City Life – Kesar’s Mango Pickles, Under the Metro Tracks, Gurgaon
The family life.
[Text and photos by Mayank Austen Soofi]
Monsoon has arrived. The rain’s finally falling. Such bad luck. Kesar was depending on the afternoon to stay sunny. Now, the plan has gone haywire. The pickles might be ruined. They had to be kept under the sun for the whole day. Without wasting a moment, she quickly pulls the folding bed covered with dozens of sliced ‘kachi amiya’ (unripened mangoes) back into the house.
Kesar’s house is a small shack under the Metro tracks here in Gurugram’s IFFCO Chowk. It’s a contraption of several plastic sheets, including one with Mickey Mouse prints.
“We’ve been here for 10 years,” says the 50-something woman nonchalantly. Known as Mummy, her large family consists of sons, daughters, dog Moti, along with a few more men and women “who have no parents.” One of them includes Ashok Kumar, a young sombre-looking man with prematurely greying hair who refuses to talk, saying, “I’m a shoonya (zero).” Another man has a pierced heart tattooed on his chest along with the name Jyoti, who “is my wife but doesn’t live with me”.
The clan makes a living by selling balloons, footballs and toy helicopters at traffic lights. At the moment, they have taken shelter on a patch of ground directly under the Metro tracks, the only dry place.
“Our life barely survives from one day to another… roz gaddha khodo aur paani nikalo (dig the pit daily and draw out the water),” says the brooding Mr Kumar, finally condescending to utter a few words. He has been living with Kesar’s family since past few years “because Mummy has a big heart and has given me a home despite my crippled legs”.
Kesar looks on indifferently, and lights up a beedi to smoke. “There’s nothing to do until the rain lasts,” she says in her thick authoritative voice, looking far away at pedestrians and bikers who have huddled under the shelter of a foot-over bridge.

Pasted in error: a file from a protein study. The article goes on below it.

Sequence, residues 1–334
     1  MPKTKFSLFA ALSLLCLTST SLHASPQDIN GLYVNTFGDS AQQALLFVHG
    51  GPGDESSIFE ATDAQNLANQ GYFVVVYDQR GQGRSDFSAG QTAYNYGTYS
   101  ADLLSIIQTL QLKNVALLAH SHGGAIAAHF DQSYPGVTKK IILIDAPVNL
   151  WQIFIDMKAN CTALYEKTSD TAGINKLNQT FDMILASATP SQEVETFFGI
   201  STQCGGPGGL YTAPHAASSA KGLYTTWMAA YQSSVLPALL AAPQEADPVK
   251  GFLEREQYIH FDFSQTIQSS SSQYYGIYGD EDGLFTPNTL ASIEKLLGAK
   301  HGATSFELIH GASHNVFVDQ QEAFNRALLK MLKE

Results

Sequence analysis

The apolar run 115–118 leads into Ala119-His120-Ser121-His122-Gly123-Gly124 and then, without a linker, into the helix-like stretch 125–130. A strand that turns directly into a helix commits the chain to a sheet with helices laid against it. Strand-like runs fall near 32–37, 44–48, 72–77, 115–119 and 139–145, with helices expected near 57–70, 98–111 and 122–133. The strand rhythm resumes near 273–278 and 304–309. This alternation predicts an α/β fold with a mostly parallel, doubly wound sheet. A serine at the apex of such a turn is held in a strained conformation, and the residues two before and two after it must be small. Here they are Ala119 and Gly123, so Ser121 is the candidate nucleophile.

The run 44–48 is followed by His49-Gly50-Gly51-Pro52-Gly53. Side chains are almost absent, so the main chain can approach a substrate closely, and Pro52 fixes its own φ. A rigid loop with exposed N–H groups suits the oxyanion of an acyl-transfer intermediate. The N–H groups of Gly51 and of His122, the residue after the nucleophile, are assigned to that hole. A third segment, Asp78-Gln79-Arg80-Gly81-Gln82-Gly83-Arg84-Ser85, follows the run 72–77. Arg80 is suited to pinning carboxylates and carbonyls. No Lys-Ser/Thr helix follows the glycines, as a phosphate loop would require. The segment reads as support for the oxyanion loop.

Some of the kids in the family have taken off their clothes and are dancing under the rain. Meanwhile, one of the younger women is serving the lunch, a simple dish of rice and yellow dal.
Expressing concerns over her homemade pickle-in-progress, Kesar fears that the “achaar needed some more sun.”
The talk veers towards pickle-making and all the women concede that “Mummy” makes the best aam achaar. “It’s no big deal,” Kesar shrugs her shoulders. “If you are making achaar out of 19 kg of amiya, then you have to use five kg of mustard oil,” she says.
But now the rain is falling even faster. Kesar keeps the ‘thali’ aside and walks into the shack. She returns shaking her head. Looking dejected, she glumly declares that “rain water is dripping through the roof and falling upon the achar”.
Almost all the grown-ups concernedly turn their gaze towards the unceasing rain. Kesar lights up a new beedi and starts smoking, deep in thought, like an office boss with a rich experience in crisis management.
Season’s pickles and a woman’s world